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At Vivere, it’s about making chocolates ‘to live for’

Personal touches key to Hackettstown company’s growth

Robert Bowden, founder and owner of Vivere’ Chocolates, puts a hand-written ‘thank you’ in every box he sells.

In English, Vivere means “to live.”
In Hackettstown? It means one-of-a-kind chocolates worth living for.

Just ask founder and owner Robert Bowden, who sold out of Vivere’s artisan, handmade chocolates before the company’s official opening last September.

“It’s chocolate,” Bowden said. “It sold itself!”

Of course, chocolate sells best during Halloween, Christmas and Easter.

But while Vivere just celebrated a $4,000 sales week during Valentine’s Day weekend alone, it’s this chocolate company’s business model that has it thriving and exceeding sales expectations in a typically seasonal industry.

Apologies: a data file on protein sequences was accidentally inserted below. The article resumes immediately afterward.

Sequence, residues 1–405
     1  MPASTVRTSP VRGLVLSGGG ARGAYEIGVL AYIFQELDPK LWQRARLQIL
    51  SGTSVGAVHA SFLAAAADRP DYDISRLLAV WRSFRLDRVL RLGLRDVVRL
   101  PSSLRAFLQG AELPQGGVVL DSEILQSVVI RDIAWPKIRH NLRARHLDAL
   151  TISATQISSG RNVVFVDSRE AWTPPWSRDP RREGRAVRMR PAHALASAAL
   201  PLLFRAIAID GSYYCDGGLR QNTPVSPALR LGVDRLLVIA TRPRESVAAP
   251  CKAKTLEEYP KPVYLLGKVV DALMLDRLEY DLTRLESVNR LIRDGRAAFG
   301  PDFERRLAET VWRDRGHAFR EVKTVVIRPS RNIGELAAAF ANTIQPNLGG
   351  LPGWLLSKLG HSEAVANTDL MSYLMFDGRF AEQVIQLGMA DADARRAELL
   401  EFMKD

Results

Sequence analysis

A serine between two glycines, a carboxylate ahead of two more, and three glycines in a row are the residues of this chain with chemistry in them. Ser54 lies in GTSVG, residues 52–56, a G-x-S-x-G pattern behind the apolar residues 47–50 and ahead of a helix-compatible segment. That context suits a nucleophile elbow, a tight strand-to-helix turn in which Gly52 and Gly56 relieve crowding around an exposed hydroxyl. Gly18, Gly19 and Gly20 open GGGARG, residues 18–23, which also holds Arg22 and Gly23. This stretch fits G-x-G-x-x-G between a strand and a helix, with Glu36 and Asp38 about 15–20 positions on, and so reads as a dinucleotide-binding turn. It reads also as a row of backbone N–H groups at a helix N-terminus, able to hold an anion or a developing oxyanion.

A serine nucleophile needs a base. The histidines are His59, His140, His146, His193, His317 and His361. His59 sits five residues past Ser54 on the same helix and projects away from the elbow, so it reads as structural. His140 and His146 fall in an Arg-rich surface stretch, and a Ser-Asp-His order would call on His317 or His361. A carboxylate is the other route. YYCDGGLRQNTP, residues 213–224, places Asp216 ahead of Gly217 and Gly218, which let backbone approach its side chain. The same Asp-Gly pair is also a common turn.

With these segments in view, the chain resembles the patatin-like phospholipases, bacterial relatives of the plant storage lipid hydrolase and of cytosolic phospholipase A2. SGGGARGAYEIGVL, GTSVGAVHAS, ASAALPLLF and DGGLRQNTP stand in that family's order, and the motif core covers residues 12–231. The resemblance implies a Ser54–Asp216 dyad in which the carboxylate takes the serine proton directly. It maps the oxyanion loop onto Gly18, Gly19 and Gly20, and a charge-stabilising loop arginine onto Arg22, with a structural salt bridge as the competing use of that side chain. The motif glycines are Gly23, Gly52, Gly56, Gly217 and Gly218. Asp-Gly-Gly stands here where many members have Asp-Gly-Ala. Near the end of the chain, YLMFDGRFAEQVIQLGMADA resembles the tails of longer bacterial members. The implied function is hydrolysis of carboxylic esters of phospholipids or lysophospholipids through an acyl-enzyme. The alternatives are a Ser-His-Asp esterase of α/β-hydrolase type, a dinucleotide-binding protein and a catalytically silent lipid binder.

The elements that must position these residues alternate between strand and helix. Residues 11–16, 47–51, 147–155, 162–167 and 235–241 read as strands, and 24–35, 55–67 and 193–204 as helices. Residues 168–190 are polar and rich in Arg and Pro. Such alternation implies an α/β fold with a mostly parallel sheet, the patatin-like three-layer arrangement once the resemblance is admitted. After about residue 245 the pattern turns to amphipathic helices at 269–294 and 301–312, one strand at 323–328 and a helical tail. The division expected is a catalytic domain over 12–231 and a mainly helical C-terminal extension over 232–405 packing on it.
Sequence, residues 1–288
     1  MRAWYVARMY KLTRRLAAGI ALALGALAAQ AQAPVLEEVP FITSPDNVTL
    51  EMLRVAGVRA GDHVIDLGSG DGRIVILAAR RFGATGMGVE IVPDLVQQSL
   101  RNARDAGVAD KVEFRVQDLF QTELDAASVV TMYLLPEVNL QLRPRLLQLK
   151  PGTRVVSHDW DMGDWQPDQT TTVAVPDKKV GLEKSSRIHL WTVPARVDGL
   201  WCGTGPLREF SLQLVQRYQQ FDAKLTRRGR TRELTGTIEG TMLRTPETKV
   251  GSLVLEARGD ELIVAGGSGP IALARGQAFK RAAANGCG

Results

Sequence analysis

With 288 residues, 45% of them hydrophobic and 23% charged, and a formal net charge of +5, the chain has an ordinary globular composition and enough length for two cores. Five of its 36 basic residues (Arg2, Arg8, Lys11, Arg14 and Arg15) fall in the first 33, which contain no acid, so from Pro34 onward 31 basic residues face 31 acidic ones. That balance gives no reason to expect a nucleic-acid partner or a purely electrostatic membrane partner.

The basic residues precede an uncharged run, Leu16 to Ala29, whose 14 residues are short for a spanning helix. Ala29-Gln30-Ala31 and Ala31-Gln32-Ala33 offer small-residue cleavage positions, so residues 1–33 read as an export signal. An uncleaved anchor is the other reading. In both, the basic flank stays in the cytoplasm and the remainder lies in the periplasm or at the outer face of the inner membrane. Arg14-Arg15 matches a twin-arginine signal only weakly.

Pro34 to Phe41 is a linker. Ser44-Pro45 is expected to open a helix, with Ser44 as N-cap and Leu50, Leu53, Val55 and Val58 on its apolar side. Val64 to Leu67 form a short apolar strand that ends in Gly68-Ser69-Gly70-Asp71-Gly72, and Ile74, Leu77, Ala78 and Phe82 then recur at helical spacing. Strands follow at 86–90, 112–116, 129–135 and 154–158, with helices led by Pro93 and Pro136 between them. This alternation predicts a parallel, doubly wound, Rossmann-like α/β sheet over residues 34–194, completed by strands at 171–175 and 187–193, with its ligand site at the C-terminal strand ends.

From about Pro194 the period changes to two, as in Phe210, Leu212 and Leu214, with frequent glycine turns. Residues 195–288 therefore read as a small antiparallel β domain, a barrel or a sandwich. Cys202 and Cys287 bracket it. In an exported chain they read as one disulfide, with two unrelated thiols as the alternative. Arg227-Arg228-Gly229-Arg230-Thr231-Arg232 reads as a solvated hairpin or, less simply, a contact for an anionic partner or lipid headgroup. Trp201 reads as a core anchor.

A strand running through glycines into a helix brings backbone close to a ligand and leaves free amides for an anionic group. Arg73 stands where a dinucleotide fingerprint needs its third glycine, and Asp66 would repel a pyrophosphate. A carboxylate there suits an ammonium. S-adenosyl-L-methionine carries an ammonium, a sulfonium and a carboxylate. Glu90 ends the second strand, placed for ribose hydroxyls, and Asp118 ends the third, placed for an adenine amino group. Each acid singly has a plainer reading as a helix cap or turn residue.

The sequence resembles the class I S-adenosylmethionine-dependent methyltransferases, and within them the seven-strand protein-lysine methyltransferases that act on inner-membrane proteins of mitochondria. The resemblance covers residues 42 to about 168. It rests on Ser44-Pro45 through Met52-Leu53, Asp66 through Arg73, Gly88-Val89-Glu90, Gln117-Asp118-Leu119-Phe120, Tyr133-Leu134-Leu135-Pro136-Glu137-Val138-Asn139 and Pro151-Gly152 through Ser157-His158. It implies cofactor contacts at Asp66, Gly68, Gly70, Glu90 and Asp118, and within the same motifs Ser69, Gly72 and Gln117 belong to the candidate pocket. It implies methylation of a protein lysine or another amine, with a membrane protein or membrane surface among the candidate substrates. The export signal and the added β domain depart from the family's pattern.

“Be where the customer is,” Bowden said. “I don’t limit our business to the local circuit — there are plenty of people to miss!”

The chocolate industry, as Bowden has learned, forces its players to be more creative in order to grow. And with just four employees (including partner Benjamin Schroder), Vivere is no exception.

So, in addition to selling online and in stores, Bowden attends nationwide hospitality conferences, private events and public exhibitions to create “pop-up” chocolate experiences at gatherings such as wine tastings and gallery openings.

“Whatever the venue may be, you’ll never have that particular experience again,” Bowden said.

Odds are, you’ll never taste chocolate like Vivere’s again, either.

Devoid of preservatives and artificial flavors, Vivere’s made-to-order chocolates range from $5 for its chocolate-covered whisks (for making hot chocolate) to $45 for its award-winning, best-selling 12-piece box of salted fennel caramels dusted with gold.

Meg Fry